QBE takes over for new NIBA broker award, 1 February

subscriPtion enquiries: Email: contributions: We welcome all material that is relevant to the Australasian and regional risk insurance industry, including all aspects of risk management. Please contact the Editor, +61 3 9499 5538. Printing: Printgraphics, 14 Hardner Road, Mt Waverley VIC 3149, Australia

A McMullan Conway production

ISSN 1837-4972


From the


February/March 2016

Material in insuranceNEWS (the magazine) is protected under the Commonwealth Copyright Act 1968. No material may be reproduced in part or in whole without the consent of the copyright holders. The content of articles appearing in this magazine do not necessarily reflect the views of the Publisher. All statements made are based on information that is believed to be reliable and accurate, but no liability is accepted for any fault or omission. We also accept no responsibility or liability for any matter published in this magazine that reflects personal opinion. Printed on PEFC paper stock using vegetable based inks by a printer with ISO14001 Environmental Management System Certification.

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ACE and Chubb are now one. On January 14, 2016, ACE Limited acquired The Chubb Corporation, creating a global insurance leader operating in 54 countries under the renowned Chubb name. The new company combines Chubb’s 130 years of underwriting insights and devotion to customer service with ACE’s three decades of technical underwriting excellence, broad risk appetite and global presence. Our goal is to provide the very best insurance coverage and service to individuals and families and businesses of all sizes — from small and mediumsized companies to the largest multinational corporations — all across the globe. As the world’s largest publicly traded property and casualty insurer, the new Chubb has the balance sheet strength and financial security of an AA rating from Standard & Poor’s and an A++ rating from A.M. Best. As craftsmen of insurance, we are devoted to meticulously conceiving, crafting and delivering extraordinary coverage to meet the needs of the modern world — a world that is epic in scale but by nature both personal and connected. To find out more, go to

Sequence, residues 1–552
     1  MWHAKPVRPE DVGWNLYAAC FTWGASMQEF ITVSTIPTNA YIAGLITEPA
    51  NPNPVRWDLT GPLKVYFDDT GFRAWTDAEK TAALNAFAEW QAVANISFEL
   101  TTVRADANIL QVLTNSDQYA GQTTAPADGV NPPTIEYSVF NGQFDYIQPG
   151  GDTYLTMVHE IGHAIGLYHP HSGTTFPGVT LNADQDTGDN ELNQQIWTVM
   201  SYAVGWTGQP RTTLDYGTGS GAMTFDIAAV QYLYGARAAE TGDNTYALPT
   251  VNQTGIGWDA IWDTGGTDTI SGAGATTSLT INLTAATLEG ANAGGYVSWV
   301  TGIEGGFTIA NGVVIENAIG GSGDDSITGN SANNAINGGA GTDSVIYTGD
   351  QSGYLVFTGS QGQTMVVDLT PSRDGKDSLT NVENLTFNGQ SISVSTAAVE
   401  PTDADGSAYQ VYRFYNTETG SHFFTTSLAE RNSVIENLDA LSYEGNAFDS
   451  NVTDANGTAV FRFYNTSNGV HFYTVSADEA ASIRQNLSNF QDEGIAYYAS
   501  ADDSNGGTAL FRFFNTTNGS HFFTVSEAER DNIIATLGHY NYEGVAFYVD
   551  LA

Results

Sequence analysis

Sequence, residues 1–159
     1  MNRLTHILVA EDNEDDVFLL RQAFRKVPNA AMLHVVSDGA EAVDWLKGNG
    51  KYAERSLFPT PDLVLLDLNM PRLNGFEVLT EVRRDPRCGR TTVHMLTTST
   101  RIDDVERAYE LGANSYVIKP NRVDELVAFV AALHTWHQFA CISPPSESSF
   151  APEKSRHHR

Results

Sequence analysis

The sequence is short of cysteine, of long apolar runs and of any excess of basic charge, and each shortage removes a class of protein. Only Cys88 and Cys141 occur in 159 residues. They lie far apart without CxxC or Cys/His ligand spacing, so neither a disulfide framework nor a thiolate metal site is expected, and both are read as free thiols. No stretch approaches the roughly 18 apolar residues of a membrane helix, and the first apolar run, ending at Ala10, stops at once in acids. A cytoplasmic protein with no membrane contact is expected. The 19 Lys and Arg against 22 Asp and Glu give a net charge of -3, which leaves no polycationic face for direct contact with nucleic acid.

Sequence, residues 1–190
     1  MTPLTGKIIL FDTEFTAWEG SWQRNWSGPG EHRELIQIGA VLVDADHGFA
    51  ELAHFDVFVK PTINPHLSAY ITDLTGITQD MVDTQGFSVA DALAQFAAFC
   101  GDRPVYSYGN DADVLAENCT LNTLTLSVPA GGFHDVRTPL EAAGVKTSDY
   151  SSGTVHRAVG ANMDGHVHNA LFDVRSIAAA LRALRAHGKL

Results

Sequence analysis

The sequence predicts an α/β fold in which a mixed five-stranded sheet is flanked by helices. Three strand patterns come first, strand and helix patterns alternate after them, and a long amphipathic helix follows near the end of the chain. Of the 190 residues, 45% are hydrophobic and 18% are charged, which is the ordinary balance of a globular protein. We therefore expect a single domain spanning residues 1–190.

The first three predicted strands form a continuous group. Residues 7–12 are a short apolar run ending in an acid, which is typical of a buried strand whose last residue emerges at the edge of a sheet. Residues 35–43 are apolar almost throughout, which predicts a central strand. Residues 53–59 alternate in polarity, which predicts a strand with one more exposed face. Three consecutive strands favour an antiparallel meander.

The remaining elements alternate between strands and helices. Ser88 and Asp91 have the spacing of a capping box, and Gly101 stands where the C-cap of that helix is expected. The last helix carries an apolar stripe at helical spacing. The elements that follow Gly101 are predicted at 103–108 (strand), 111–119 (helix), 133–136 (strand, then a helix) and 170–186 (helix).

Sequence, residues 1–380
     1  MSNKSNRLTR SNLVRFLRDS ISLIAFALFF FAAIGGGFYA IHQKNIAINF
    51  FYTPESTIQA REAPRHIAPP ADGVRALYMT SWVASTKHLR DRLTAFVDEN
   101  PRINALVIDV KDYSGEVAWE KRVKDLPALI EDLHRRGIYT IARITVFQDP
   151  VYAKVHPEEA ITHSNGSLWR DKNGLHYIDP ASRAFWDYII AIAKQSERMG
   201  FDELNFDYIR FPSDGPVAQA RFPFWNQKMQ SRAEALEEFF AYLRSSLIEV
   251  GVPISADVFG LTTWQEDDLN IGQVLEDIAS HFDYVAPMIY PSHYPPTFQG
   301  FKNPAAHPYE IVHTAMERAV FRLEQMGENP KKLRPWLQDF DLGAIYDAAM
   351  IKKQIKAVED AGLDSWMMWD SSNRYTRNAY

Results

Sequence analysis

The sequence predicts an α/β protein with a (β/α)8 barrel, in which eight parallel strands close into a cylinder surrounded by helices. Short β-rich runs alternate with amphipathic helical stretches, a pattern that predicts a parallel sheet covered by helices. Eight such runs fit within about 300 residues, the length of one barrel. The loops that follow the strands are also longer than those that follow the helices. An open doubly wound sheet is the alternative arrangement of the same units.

Chubb. Insured.


© 2016 Chubb. Coverages underwritten by one or more subsidiary companies. Not all coverages available in all jurisdictions. ACE®, Chubb®, their respective logos, and Chubb. Insured.SM are registered trademarks.

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GONE IN SEVEN MINUTES Historic Yarloop is little more than ashes, ruins and memories THE SMALL WESTERN AUSTRALIAN TOWN OF YARLOOP HAS ExISTED since about 1894, when settlers moved into the area to cut down and mill the surrounding stands of jarrah trees. It thrived in a modest way, with a siding from the Perth-Bunbury railway being built in 1896. The timber company built its houses on one side of the line, with privately owned homes being built on the other. By the 1930s the timber company had 300 employees, the largest private railway in the world with eight railway systems and 25 locomotives, and a timber mill.